Therefore, turning a blind eye to the past records of a country, which as admitted by most analysts and politicians has been the main protagonist behind the 9/11 terror attacks, cannot be translated into pursuit of national interests, because this trend will soon show its impact on other regions through Saudi Arabia’s recklessness. This is true as signs of this recklessness have been already on the horizon. Outrageous onslaught on civil demonstrations in neighboring countries and forging an irrational alliance against Qatar are just some examples of the future outlook of Saudi Arabia’s policies. This issue is a true example of how the United States’ is dancing on the sharp edge of the sword with Saudi Arabia.
Why Saudi Arabia has become reckless?
A country like Saudi Arabia sometimes thinks that by getting along with such big powers as the United States, it would be able to change conditions and balance of power in the region in its own benefit, but this is not a smart strategy. A cursory review of the history of WANA (West Asia and North Africa) in the past 50 years, especially attention to experiences in Iraq, Egypt and even Turkey, would show that bandwagoning with transregional powers cannot be a sure guarantee that Saudi Arabia would be able to play an active role in this region.
Available evidence shows that Saudi Arabia’s domestic and regional revisionism will not remain limited to these levels. Saudi leaders believe that aggressive behavior will make their monarchy secure. As a result, they have decided to bank on their financial strength and alignment with such transregional countries as the United States to threaten other regional actors. Under these conditions, no effective measure can be taken to invite this country to promote tranquility and stability in the region unless structural conditions face its leaders with some sort of strategic deadlock. In other words, only a major domestic development – which is possible in view of the current suppression of minorities and closed political atmosphere in addition to widespread discontent among princes and the possibility of a serious power struggle as a result of widespread discontent – or a regional upheaval can cause Saudi leaders to change their mind about this recklessness and revisionism. Until that time, this country will continue to rely on support from the White House, whose current logic is to pursue relative achievements within the international system, to continue its actions that aim to mount pressure on other countries such as Qatar.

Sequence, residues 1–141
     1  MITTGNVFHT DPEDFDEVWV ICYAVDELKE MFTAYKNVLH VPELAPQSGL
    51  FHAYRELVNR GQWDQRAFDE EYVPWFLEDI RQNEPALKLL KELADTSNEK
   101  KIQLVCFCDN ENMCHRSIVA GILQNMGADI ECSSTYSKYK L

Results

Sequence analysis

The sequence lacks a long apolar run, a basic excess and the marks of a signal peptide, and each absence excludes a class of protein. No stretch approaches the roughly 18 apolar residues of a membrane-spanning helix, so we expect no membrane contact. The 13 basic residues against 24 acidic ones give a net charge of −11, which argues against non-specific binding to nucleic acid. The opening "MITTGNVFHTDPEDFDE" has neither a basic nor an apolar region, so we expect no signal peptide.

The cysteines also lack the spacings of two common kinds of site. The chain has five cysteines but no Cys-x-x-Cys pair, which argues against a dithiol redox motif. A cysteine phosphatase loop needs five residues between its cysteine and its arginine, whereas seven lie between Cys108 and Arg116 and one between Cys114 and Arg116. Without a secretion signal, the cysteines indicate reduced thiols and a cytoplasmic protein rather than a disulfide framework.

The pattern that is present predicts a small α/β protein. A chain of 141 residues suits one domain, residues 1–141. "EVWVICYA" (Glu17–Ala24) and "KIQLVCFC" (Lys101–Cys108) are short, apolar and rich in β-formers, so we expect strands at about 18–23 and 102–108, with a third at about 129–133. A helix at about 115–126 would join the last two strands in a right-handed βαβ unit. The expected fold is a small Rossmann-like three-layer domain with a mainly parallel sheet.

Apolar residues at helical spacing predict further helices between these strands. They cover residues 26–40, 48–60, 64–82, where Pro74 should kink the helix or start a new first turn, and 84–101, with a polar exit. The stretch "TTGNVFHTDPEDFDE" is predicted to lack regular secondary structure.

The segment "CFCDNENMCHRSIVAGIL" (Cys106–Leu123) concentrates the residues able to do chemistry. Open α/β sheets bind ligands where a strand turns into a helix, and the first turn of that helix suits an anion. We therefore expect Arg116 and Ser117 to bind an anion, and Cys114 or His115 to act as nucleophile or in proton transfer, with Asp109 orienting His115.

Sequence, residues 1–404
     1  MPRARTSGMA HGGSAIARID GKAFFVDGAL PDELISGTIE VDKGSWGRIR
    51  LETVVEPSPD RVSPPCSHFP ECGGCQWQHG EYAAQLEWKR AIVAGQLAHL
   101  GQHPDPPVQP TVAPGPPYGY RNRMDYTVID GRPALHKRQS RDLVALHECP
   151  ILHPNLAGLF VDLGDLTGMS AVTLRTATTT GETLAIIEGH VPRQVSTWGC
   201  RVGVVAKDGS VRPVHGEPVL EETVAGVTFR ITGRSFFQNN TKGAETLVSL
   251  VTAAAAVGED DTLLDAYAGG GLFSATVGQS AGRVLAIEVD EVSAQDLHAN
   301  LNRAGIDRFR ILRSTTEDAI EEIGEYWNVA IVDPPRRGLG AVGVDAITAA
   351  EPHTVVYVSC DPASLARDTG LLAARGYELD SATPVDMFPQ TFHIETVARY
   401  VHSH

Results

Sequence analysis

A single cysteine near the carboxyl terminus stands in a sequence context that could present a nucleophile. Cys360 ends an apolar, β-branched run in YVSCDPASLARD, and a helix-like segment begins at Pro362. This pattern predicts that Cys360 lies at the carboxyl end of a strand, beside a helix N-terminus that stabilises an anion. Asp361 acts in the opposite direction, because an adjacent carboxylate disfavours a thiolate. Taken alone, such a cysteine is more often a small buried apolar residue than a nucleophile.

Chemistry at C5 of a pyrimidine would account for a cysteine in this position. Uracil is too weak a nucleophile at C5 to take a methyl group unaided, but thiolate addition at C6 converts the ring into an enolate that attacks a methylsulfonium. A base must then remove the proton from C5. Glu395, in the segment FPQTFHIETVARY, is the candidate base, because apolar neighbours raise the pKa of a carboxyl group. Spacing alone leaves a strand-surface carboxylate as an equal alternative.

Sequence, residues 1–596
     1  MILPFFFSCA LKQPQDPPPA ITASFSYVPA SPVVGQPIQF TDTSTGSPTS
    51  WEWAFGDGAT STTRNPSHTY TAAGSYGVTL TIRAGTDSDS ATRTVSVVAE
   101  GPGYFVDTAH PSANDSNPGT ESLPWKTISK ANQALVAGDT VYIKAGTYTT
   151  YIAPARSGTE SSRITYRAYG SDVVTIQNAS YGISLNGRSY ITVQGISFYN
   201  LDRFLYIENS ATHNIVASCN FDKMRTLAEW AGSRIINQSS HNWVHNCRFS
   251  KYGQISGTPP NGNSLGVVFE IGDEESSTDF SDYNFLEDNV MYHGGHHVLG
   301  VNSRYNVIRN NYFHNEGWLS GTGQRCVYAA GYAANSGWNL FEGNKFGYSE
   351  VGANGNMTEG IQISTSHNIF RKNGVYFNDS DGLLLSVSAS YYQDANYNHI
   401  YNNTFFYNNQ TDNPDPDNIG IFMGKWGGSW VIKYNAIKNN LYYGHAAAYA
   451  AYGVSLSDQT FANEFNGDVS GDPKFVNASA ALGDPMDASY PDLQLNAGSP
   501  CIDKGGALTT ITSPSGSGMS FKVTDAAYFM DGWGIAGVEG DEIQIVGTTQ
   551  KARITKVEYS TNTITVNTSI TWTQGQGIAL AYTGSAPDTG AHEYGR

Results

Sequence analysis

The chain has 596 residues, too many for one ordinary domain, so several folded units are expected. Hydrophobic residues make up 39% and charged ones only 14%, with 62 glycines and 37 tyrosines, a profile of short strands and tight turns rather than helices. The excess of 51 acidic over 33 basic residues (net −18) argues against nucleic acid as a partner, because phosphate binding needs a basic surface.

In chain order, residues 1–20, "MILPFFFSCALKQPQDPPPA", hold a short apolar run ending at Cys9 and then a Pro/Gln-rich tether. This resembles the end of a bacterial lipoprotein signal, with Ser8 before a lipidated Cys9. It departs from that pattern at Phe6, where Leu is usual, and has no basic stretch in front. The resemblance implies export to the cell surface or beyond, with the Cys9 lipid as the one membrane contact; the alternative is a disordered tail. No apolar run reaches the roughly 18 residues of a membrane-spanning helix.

All told, contrary to logical actions and reactions that followed the 9/11 and US invasion of Iraq in 2003, Saudi Arabia’s actions at the present juncture will not be logical in view of the composition of the country’s leadership. This is true because new Saudi leaders have not reached the conclusion yet that governments must only think about developing their sphere of influence when suitable grounds are provided, because otherwise, irrationality of their aggressive behavior will show itself. It is exactly due to this reason that Saudi Arabia does not understand the importance of peace and stability in the region under the present circumstances. A sign of this lack of understanding can be seen in Riyadh’s inattention to Tehran’s message of peace and cordiality.
* Ali Esmaeili Ardakani
Doctoral student of International Relations; Allameh Tabatabaei University
These views represent those of the author and are not necessarily Iran Review’s viewpoints.